The cubs are full of energy and are really playful. It is specific for them to play in the fight because their mother-bear teaches them to protect themselves and helps them become stronger. But if things get too rough, she will discipline them and punch them!
Being a Cub is Not Always a Privilege
Being a cub is not always fun and a game, because they are expected to follow their mother and learn how to find food or hunt, all with the goal of helping them survive and become independent.
If these cute creatures find themselves in a puddle or open field, they are not afraid to play, and their play resembles that of children. In the pictures and videos below, you can see 5 cute cubs who, without any fear, started playing with the swing and other props in the playground after entering the yard. This was filmed by the landlady, right after she noticed this joyful bear family.
The video was shot in Asheville, North Carolina, where the area is home to a large population of black bears, estimated at 100 to 200. Asheville residents often have the opportunity to meet these bears wandering the yards and sometimes taking snacks from their containers.
This isn’t the only case of a bear family breaking into someone’s backyard in hopes of having a great time in their pools, on hammocks, and, of course, in search of food left out in the open.
Although they seem daunting to live in an area populated with bears it should not be a handicap because black bears can be easily chased away by anyone, even the smallest dog.
Facts About the Cubs
Cubs usually stay with their mothers until they are between 1½ and two years of age when their mother will send them off on their own before she will mate again. Leaving their mother bear siblings may stay together for another year, which happens for protection.
Bears walk just like humans, straight-legged, instead of on their toes like most animals. That way they walk upright like humans, which from a distance looks great, but up close can be a little intimidating.
Bears have similar characteristics to pigeons, which helps them cling to the trees they climb and makes it easier for them to put food in their mouths.
Predators and self-defense
Because of their size, they can be quite intimidating, so they don’t have many enemies, but their biggest enemies are humans and both.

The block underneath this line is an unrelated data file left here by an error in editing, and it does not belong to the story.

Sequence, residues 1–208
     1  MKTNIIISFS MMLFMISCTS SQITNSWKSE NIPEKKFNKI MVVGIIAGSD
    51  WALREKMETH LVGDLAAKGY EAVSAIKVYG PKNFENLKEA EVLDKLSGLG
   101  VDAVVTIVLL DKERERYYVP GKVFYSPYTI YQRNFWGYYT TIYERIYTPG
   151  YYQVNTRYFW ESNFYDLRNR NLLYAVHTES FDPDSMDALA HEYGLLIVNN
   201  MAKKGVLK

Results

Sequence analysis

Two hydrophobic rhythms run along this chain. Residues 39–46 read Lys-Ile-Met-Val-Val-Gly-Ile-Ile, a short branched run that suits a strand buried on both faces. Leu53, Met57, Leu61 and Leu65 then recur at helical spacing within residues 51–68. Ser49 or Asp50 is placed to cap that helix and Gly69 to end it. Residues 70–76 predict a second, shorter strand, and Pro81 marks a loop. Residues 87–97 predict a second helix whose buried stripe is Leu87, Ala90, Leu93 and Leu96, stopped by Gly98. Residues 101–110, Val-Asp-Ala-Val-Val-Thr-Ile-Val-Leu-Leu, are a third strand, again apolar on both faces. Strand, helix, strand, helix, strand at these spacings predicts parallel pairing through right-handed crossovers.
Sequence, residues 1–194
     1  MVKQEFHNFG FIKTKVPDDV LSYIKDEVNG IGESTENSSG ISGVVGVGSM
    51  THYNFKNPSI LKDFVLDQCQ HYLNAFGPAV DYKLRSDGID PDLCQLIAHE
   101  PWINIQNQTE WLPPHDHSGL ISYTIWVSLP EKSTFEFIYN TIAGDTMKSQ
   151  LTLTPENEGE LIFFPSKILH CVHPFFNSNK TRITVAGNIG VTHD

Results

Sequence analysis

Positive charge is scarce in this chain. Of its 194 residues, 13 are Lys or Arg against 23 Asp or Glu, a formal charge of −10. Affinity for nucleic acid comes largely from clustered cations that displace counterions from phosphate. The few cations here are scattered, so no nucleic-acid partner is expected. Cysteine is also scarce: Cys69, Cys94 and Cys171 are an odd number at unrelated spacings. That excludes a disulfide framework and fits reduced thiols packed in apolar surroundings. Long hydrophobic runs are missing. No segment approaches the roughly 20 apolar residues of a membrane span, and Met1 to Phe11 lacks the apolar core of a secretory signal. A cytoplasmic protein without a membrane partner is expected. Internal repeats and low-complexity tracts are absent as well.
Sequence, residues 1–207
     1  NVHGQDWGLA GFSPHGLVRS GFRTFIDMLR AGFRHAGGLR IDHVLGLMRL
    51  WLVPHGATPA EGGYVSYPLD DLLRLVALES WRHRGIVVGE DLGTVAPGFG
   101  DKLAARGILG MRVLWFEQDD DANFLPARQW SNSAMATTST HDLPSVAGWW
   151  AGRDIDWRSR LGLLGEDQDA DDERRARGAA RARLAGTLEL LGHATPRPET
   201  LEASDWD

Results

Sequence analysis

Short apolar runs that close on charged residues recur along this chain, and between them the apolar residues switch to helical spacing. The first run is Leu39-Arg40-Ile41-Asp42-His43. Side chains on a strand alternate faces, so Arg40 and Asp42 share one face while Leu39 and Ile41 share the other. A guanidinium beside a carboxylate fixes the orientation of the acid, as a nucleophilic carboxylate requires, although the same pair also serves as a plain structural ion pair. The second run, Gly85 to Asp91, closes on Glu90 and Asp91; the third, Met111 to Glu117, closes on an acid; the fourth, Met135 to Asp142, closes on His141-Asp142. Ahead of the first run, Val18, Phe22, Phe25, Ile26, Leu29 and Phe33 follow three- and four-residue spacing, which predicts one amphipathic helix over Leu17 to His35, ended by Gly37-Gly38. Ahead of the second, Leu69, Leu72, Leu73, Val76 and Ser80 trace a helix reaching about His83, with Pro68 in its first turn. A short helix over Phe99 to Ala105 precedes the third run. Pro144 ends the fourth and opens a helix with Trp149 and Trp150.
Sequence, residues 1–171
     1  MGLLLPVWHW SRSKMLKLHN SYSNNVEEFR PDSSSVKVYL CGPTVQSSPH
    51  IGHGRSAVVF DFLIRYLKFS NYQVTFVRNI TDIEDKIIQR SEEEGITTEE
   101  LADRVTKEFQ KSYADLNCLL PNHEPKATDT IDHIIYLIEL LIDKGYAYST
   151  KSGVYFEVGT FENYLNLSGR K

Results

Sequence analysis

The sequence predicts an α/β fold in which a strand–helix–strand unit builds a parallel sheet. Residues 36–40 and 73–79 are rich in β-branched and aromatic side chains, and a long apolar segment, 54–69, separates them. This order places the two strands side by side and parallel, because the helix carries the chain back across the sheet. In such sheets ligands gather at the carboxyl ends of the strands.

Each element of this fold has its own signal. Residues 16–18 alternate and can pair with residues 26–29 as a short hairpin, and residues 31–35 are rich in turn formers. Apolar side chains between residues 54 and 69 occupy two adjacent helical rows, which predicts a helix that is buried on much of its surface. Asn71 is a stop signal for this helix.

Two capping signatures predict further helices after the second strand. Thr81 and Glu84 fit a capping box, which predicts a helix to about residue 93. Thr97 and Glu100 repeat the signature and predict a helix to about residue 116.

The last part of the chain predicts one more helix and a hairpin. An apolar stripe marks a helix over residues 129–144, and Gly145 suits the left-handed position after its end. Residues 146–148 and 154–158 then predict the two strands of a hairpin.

Female bears have to guard their cubs which can make the female quite nervous. When defending themselves, the bears look bigger and pick up their fur and stand on their hind legs.
Reminder from wildlife experts
- If you see a bear cub, in almost all instances, leave it alone no intervention is necessary
- In the vast majority of situations, when a mother bear perceives a threat she will often “tree” her cubs. Black bear cubs are adept climbers from a very young age.
- While the cubs are in the trees, the mother bear circles back periodically to check the area for security. So, if the cubs are in a tree and no mother bear, people should leave the area immediately.
- When the mother bear is sure that the area where her cubs are is free of disturbance by humans, pets, or other sources, she will return and collect them.
- Hikers, hunters, or other people exploring the outdoors have to know to keep dogs on a leash while hiking so that they don’t spook a bear from a den or attempt to pick up cubs.
- If a bear cub is visibly injured, lethargic, or has been in the same area for more than 12 hours, call your local sheriff’s office or police department
- While bears come out of hibernation in April and May they can cross over major roads without attention, so if you’re driving through a heavily wooded area it is important to slow down and be on the lookout for wildlife.